Here’s an appealing headline, from the Harvard Business Review “Daily Stat” on May 7, 2015:
Taking Time to Reflect Makes People More Productive
“Trainees at a business-process-outsourcing company in India increased their performance by an average of 22.8% over the course of a month by spending the last 15 minutes of each day reflecting on and writing about lessons they had learned, Francesca Gino of Harvard Business School and Bradley Staats of the University of North Carolina write on HBR.org. Reflection prompts people to be more aware of their progress and gives them confidence to accomplish tasks and goals, the researchers say.”
My colleague, Deb Houden, recently shared this nugget with our group, knowing that we often engage our clients in thoughtful reflection as part of our consulting process.
For example, as a facilitator I regularly end meetings by asking participants to reflect on the time we spent together. Typical reflection questions might include the following:
“As you leave our meeting, what will you take with you and how will you apply it?”
“When you think about our meeting, what stands out?”
“Take a minute to reflect on the time we just spent together: Write down one word or phrase that captures a valuable nugget or insight. We’ll go around the table and briefly share before closing.”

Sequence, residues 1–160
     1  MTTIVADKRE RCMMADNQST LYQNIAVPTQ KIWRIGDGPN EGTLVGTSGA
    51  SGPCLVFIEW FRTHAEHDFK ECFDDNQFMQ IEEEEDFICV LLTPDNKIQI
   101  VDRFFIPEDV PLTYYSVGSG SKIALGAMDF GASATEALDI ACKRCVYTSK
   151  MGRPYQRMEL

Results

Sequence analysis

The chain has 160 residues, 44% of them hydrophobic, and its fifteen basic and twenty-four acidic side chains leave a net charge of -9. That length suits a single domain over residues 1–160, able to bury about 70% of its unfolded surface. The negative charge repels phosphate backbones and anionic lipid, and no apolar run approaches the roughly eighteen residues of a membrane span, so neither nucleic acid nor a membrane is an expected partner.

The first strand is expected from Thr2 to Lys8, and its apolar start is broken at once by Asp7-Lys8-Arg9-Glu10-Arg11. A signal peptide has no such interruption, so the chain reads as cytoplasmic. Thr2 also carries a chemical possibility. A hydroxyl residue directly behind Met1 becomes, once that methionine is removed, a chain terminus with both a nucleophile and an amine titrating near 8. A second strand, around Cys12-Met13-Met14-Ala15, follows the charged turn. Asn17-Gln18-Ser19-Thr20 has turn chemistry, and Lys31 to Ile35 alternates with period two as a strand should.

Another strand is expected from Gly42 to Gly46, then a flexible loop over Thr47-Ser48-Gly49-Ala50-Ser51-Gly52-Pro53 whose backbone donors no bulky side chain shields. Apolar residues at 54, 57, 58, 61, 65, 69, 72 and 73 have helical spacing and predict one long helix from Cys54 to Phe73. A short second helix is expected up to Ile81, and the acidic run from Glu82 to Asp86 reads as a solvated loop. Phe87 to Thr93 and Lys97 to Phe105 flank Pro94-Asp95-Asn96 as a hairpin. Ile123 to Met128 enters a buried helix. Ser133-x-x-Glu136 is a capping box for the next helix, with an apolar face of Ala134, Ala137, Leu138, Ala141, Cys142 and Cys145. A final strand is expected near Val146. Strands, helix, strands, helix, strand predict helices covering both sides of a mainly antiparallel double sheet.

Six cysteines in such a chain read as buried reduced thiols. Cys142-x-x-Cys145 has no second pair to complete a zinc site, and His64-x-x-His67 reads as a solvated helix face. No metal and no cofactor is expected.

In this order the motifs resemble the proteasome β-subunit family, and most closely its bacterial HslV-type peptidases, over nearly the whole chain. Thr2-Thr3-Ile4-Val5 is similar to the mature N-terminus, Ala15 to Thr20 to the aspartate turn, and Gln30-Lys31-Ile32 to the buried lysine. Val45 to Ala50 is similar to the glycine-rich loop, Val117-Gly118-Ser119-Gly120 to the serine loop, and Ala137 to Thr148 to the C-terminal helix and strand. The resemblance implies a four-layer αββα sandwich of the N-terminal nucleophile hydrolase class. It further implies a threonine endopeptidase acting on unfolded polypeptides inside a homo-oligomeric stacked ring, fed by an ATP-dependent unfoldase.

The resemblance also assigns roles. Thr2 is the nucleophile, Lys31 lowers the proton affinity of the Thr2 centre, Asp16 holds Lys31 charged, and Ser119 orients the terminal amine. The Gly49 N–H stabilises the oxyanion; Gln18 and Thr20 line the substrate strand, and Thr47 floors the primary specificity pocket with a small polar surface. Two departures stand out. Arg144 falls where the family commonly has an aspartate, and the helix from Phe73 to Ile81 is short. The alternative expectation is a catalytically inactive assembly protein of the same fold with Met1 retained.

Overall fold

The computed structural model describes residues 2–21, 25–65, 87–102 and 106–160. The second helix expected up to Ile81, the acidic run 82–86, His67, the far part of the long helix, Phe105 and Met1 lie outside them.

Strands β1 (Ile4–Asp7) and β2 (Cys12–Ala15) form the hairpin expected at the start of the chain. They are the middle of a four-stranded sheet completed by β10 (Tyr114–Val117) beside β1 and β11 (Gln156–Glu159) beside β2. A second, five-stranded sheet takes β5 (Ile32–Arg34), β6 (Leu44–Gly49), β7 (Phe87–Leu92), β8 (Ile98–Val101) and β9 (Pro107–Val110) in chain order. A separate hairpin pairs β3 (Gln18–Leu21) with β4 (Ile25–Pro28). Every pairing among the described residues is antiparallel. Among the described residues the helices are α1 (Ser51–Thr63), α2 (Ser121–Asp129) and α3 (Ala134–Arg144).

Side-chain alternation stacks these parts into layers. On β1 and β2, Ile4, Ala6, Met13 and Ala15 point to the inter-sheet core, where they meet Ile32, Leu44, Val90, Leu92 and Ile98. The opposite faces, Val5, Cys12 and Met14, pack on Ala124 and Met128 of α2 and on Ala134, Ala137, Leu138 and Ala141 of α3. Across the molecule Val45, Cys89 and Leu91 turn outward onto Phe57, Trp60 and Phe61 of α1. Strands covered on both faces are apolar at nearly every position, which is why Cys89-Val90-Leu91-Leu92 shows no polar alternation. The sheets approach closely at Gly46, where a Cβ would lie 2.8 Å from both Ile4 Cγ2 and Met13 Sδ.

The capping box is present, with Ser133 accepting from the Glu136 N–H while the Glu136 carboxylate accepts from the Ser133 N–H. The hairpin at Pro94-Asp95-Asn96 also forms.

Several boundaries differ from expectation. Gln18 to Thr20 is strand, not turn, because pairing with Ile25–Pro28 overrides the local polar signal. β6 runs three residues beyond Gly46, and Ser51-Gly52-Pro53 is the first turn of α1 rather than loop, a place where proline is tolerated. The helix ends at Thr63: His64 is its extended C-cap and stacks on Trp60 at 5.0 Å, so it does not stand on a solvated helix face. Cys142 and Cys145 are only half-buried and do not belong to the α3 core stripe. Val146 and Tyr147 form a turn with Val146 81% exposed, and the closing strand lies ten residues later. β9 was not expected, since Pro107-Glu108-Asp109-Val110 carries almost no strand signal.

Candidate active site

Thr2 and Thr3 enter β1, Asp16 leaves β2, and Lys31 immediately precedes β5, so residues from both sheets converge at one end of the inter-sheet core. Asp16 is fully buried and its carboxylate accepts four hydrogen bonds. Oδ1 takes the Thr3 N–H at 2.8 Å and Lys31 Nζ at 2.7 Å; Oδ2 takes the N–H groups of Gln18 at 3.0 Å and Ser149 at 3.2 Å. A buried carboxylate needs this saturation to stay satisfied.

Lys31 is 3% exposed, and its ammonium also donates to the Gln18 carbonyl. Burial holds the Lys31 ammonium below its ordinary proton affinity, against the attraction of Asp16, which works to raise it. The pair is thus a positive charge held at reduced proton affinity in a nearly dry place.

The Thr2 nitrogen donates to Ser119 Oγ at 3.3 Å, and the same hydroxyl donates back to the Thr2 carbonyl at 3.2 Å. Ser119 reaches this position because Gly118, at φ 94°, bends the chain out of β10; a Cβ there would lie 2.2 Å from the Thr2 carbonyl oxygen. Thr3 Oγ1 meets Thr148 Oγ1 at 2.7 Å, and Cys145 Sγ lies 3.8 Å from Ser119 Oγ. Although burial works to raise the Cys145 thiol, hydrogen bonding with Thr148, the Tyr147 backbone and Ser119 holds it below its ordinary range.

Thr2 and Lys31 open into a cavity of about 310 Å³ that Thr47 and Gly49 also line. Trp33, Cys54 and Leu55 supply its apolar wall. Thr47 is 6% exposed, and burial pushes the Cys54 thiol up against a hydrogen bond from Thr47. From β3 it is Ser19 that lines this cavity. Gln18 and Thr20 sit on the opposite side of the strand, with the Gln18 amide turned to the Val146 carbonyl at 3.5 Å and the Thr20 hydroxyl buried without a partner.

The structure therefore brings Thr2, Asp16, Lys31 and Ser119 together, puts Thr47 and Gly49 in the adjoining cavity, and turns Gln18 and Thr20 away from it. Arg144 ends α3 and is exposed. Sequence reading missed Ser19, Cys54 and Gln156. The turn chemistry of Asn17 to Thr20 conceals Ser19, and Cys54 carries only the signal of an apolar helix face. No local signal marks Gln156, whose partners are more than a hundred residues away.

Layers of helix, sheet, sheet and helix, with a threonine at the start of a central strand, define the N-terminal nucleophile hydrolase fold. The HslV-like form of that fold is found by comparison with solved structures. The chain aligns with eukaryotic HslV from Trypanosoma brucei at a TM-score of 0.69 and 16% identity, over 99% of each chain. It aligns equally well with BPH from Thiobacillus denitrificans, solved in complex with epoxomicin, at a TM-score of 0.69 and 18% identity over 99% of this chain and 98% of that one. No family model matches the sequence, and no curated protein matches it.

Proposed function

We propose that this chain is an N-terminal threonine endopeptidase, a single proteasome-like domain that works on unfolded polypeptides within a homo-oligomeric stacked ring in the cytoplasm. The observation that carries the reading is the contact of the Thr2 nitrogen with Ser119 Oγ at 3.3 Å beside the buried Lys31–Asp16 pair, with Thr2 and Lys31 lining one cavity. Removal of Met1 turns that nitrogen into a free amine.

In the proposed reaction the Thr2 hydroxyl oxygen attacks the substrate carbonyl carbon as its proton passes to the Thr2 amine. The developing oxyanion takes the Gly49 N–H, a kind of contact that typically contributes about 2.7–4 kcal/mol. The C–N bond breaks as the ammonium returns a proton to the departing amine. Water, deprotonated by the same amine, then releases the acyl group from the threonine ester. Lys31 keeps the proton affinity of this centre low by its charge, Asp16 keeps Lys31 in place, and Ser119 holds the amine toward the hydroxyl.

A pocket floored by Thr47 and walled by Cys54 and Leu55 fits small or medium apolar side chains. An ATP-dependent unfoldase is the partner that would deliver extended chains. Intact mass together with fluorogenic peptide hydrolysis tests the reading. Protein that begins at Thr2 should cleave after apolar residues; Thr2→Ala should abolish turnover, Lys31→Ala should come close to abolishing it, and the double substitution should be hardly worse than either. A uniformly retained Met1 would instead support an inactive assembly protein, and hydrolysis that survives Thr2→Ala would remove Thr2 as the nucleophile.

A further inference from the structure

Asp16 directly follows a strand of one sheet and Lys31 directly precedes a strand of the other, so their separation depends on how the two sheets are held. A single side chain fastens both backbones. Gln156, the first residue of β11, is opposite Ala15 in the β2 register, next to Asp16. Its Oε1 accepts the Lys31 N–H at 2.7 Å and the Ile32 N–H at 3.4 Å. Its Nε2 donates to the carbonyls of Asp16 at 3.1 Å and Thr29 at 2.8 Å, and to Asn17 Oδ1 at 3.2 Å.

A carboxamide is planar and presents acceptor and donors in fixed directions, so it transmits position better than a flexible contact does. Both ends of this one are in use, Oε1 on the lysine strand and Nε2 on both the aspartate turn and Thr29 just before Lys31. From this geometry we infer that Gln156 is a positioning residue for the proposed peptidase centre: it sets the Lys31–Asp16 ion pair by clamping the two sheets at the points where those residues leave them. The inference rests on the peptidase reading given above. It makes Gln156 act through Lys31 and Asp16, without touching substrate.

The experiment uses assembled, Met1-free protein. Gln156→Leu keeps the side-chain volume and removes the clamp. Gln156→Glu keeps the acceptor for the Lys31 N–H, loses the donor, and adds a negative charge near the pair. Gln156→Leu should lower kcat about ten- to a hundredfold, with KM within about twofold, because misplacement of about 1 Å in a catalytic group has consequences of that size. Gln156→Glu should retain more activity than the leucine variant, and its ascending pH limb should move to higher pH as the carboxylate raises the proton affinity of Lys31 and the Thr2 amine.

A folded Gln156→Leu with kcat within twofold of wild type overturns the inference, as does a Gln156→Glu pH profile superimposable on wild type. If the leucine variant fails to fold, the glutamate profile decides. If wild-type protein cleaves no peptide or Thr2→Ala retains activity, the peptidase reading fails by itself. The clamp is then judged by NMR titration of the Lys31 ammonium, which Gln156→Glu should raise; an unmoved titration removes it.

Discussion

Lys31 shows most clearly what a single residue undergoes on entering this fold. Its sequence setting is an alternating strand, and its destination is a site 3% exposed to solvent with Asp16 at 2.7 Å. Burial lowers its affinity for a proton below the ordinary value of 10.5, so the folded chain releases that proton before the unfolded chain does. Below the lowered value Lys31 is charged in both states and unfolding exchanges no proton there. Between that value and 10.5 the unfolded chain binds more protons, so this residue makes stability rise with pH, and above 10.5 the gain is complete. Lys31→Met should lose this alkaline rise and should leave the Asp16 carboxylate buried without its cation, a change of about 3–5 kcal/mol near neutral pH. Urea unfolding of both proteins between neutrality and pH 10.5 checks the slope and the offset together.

Reflection doesn’t happen only at the end of meetings. If energy droops in the middle of the morning or late in the afternoon, you can take a short diversion from the planned agenda. Go around the table with a reflection question to focus and energize the proceedings, for example:
“What’s one of your unique skills or talents? How can you bring more of that to this meeting?”
“Think about leaving this room at the end of our meeting. What is the most important thing for us to accomplish? What action can you take — immediately — to help make it happen?”
It can be uncomfortable to ask a group to stop for reflection. I often have to weather some rolled eyeballs or other resistance. However, the discomfort is worth it! Meetings are invariably more productive, focused and enjoyable after even a very brief reflection break.
Have courage. Take the risk. Take steps to balance out the bias towards energetic forward motion. Use reflection as a tool to slow things down in order to ultimately be even more effective.
If you are already trying this approach, let us know how it’s going!